Ella Eastin broke the American, U.S. Open, and NCAA Records with the fastest 200 yard IM in history. Photo Courtesy: Tim Binning/TheSwimPictures.com

Ella Eastin (Photo: Tim Binning)

BUTTERFLY: A

Ella Eastin (1:51.0) finished a close second in the 200 fly last season, but her time was over 2 seconds faster than anyone behind her. Now that Kelsi Worrell has graduated, we could see Eastin run away with this one, depending on the health of Cal’s Katie McLaughlin.

Janet Hu (51.0/1:52.9) and Lindsey Engel (51.8/1:54.1) could both bring in A-final points, and both scored in the fly races at NCAAs last season. Hu was 4th in the 100 fly, but opted for the 200 back instead of the 200 fly. Engel scored in the B-final for both, but she’s just shy of what it took to make the top 8 in the 100.

BACKSTROKE: A+

Last season, Ally Howe topped a stacked field in the 100 back to become Pac-12 champion, and went on to score in both backstrokes at NCAAs, including a 3rd-place finish in the 100 behind a pair of seniors. Likewise, Janet Hu was an A-finalist in the 100 back, and she also pulled in B-final points in the 200 back. Between those two, the Cardinal could get a big boost in backstroke.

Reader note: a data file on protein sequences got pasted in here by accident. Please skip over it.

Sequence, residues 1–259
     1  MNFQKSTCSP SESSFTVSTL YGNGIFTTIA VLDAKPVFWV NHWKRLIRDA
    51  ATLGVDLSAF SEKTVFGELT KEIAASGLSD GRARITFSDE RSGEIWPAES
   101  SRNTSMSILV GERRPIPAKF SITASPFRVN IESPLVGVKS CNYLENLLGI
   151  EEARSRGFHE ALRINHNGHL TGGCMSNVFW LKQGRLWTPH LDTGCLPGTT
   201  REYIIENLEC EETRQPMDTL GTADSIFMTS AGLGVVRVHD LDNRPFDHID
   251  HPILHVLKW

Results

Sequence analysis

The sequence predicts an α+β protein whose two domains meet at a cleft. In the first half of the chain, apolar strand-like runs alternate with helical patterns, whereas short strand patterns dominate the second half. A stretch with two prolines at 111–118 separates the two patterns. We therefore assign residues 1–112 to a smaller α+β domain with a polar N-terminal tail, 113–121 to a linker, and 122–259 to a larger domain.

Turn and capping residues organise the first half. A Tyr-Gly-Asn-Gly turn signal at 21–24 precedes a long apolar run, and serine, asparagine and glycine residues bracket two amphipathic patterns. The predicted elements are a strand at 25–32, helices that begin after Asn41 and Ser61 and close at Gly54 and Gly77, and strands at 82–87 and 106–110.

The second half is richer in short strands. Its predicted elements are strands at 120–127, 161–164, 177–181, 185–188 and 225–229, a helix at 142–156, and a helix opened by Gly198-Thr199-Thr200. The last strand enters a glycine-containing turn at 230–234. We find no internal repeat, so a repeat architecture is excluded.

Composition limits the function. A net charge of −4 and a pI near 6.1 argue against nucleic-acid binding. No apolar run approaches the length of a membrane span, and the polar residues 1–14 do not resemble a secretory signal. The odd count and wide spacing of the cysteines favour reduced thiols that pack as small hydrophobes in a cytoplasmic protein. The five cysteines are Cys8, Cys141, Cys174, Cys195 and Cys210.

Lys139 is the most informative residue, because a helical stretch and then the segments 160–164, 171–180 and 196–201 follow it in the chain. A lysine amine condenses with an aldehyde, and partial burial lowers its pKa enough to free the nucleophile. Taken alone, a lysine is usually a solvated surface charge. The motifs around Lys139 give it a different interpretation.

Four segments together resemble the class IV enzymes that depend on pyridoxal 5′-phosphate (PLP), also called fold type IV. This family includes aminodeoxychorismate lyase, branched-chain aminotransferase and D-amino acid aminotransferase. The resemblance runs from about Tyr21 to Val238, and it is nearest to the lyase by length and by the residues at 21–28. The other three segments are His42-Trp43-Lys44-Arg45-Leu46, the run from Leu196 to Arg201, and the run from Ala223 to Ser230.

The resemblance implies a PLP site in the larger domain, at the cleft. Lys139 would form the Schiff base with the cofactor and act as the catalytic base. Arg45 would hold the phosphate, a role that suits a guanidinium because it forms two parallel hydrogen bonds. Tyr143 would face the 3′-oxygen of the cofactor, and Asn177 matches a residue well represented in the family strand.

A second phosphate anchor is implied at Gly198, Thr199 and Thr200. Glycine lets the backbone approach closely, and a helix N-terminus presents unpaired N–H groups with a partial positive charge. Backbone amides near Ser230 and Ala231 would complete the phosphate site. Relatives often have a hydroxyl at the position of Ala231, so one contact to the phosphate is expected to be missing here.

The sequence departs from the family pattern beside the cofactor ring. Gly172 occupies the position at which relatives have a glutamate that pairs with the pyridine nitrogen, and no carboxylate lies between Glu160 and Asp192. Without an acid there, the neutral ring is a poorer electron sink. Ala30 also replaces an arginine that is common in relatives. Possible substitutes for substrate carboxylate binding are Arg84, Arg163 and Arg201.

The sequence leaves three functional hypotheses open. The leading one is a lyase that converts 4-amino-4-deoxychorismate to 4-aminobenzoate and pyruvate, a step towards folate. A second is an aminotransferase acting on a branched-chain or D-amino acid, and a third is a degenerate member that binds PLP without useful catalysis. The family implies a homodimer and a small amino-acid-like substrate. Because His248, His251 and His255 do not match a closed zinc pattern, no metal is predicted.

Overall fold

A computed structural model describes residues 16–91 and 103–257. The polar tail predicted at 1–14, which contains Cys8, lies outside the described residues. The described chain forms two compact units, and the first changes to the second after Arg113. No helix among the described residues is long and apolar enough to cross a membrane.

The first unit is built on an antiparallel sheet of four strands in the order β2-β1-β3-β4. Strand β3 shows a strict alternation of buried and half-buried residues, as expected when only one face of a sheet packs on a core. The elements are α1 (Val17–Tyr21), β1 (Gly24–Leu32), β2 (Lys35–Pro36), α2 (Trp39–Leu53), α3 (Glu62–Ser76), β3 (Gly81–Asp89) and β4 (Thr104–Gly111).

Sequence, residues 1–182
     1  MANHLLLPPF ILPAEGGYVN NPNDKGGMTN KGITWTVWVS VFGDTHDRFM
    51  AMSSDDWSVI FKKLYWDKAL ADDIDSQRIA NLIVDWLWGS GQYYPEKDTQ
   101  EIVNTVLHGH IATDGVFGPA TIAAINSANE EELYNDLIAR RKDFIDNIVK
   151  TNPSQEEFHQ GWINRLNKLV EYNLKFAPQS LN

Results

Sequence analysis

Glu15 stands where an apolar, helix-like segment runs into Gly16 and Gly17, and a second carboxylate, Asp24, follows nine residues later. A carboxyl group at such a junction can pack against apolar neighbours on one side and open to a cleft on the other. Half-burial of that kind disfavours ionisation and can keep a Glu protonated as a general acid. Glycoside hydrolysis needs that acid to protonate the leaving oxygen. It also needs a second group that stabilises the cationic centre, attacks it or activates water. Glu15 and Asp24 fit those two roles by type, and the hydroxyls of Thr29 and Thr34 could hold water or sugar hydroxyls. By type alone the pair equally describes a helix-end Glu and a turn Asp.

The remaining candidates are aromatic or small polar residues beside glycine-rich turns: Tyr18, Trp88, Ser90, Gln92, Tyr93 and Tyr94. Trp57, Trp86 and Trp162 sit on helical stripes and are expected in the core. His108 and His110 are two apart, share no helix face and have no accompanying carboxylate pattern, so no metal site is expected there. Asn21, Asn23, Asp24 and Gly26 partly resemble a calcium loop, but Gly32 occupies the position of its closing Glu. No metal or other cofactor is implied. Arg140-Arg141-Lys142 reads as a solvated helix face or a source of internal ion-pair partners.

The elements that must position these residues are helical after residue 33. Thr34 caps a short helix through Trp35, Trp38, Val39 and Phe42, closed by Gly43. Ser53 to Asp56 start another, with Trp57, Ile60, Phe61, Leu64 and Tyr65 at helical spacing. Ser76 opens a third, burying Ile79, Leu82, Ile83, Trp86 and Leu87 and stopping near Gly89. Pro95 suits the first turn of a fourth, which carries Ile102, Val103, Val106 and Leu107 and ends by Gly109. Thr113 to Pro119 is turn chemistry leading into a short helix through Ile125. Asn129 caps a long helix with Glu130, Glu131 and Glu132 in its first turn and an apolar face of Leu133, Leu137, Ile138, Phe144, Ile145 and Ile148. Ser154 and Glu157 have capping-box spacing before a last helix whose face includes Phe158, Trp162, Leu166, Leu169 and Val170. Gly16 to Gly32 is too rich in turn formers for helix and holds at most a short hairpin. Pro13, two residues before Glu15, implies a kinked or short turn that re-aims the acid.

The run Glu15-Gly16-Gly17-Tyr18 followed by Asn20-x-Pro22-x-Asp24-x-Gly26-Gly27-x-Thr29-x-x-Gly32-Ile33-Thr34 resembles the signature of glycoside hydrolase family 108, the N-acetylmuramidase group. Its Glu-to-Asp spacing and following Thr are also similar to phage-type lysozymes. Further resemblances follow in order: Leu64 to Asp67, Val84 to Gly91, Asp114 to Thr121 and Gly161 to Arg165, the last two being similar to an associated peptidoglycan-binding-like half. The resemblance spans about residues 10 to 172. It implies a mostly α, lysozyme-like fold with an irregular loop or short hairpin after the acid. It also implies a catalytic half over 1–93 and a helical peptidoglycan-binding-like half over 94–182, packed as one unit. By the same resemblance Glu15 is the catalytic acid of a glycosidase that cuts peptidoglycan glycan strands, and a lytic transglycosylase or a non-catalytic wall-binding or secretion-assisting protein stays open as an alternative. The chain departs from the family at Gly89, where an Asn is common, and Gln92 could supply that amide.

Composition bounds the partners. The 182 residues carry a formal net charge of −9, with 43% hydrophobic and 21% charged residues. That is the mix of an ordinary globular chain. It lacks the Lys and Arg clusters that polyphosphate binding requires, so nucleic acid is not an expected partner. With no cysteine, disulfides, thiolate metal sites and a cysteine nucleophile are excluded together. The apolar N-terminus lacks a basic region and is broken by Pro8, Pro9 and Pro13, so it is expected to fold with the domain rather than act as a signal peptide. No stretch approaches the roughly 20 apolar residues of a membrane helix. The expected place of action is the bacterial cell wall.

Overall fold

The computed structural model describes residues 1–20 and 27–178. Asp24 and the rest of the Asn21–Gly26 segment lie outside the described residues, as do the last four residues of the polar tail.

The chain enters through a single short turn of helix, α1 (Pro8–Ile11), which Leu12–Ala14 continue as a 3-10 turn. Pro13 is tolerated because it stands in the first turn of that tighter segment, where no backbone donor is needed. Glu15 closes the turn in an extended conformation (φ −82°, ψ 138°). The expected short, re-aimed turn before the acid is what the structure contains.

Joining them this season is Erin Voss (53.3/1:51.9), who’s already good enough to make the top 8 in the 200. That could give the Cardinal 3 finalists in the event.

BREASTSTROKE: B-

Stanford isn’t as deep in breaststroke, but they’ve still got Heidi Poppe (59.2/2:11.3), who could be a top 8 scorer in the 100 breast. Poppe gained considerable time last year compared to her freshman season, and still has never been faster than she was at a midseason rest meet in the fall of 2014. But if she can bring her times back down, the Cardinal should have a solid shot at NCAA points in breaststroke and a good medley relay swimmer.

Aside from Poppe, they’ve got Kim Williams (1:01.3/2:11.3) and newcomer Allie Szekely (1:01.3/2:10.3) to bring in big points at Pac-12s. Szekely is a versatile swimmer, so the coaches will have decisions to make about what events to put her in at conference and NCAAs, but she’s already got the fastest 200 breast time of anyone on the team.